When British soldier Lance Corporal Craig Lundberg was blinded by a grenade attack in Basra, Iraq in 2007, he thought he would never see again. But now he can, through technology that allows him to see with his tongue.
The procedure, which is being developed here in the United States, allows people to see shapes, letters and images. Right now the images are in black and white and aren't crystal clear. But perhaps some day the technology will advance to allow real sight.
Here's how it works: Many scientists theorized that it is the brain that interprets images. So it is the brain, and not the eyes, that sees. The human brain is seen as the most advanced computer on earth, so the brain's "central processing unit" can link and adapt to a man-made computer's central processing unit.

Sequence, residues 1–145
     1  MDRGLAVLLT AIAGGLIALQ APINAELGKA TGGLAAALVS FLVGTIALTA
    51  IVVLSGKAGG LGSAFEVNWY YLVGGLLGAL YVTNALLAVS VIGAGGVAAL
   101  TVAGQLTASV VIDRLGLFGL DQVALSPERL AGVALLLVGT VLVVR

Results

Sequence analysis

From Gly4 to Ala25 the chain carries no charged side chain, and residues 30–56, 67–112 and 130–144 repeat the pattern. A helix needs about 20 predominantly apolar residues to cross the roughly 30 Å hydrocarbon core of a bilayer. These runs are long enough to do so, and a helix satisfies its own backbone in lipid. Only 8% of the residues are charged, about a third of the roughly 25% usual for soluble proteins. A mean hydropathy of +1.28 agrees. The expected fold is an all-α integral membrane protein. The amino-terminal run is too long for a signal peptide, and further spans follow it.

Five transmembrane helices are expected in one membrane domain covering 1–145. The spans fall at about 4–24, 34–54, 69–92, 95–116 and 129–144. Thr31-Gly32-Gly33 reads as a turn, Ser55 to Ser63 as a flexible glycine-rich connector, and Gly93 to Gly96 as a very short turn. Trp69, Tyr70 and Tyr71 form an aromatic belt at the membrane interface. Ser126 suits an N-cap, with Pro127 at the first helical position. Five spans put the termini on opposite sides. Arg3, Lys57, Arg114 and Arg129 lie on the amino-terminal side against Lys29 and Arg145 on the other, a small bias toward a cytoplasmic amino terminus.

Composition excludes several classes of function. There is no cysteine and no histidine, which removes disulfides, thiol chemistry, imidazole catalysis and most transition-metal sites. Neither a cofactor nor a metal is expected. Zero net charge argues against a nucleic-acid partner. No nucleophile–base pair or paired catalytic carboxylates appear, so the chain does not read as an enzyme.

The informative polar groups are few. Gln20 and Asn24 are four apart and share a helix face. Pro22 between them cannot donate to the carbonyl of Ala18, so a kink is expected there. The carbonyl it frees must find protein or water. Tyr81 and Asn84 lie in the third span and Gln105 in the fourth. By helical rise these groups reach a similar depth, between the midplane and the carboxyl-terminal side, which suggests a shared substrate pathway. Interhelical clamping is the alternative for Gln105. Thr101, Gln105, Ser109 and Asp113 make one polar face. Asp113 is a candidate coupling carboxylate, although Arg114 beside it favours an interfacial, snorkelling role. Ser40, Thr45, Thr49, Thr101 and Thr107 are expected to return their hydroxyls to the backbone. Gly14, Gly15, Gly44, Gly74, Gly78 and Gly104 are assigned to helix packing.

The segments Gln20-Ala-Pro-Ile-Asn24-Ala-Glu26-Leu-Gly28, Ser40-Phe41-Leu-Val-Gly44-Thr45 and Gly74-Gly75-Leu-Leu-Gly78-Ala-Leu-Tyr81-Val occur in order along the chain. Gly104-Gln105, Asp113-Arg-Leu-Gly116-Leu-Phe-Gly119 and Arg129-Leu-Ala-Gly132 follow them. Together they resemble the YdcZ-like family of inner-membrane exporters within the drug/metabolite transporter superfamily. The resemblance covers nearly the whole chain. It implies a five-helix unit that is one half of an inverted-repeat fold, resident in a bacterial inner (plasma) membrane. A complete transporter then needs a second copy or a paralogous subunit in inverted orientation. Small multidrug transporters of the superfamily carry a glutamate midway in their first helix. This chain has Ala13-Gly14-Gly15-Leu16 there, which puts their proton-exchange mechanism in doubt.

A small lollipop-type paddle is linked to two video cameras fitted to a pair of sunglasses. When the pad is placed on the person's tongue, images are relayed through a series of pulses the person feels. This is transmitted to the brain, which turns the images into black and white pixels, similar to the micro dots on a television.
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This is then interpreted by the person into 2 dimensional images. But before all of this can happen, the person requires intensive training to determine what he is seeing.
Clinical trials are not yet fully underway, but it is likely to be put on the fast track by the Food and Drug Administration.